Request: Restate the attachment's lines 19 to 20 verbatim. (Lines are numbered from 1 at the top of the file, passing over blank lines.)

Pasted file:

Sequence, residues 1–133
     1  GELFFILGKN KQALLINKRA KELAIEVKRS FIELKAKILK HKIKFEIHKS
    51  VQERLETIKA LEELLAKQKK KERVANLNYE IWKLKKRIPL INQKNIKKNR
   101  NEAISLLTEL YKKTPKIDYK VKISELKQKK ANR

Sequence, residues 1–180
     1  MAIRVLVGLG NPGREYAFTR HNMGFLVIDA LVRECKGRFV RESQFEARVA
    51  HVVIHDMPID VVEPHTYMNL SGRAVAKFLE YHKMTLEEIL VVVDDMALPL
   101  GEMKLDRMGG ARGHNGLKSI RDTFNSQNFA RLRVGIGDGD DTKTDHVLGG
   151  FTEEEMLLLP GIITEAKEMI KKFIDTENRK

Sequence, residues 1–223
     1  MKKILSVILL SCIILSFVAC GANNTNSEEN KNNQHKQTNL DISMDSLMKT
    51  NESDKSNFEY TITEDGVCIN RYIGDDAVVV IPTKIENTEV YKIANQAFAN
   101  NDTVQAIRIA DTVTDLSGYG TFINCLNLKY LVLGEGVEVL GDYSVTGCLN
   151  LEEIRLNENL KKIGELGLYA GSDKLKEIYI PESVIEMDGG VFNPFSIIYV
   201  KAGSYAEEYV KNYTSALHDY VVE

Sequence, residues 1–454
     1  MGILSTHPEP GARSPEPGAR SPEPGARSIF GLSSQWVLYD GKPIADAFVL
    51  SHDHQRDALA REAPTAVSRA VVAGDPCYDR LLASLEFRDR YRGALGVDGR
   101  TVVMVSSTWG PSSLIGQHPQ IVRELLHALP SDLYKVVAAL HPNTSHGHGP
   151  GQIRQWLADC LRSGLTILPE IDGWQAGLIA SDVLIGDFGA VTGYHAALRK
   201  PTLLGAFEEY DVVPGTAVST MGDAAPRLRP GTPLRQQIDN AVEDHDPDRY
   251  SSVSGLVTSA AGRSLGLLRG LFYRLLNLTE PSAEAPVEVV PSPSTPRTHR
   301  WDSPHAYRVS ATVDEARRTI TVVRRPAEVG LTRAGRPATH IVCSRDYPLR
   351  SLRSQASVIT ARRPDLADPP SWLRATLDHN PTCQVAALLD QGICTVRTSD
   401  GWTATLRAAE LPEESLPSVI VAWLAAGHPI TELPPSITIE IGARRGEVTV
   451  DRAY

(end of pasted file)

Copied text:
   101  TVVMVSSTWG PSSLIGQHPQ IVRELLHALP SDLYKVVAAL HPNTSHGHGP
   151  GQIRQWLADC LRSGLTILPE IDGWQAGLIA SDVLIGDFGA VTGYHAALRK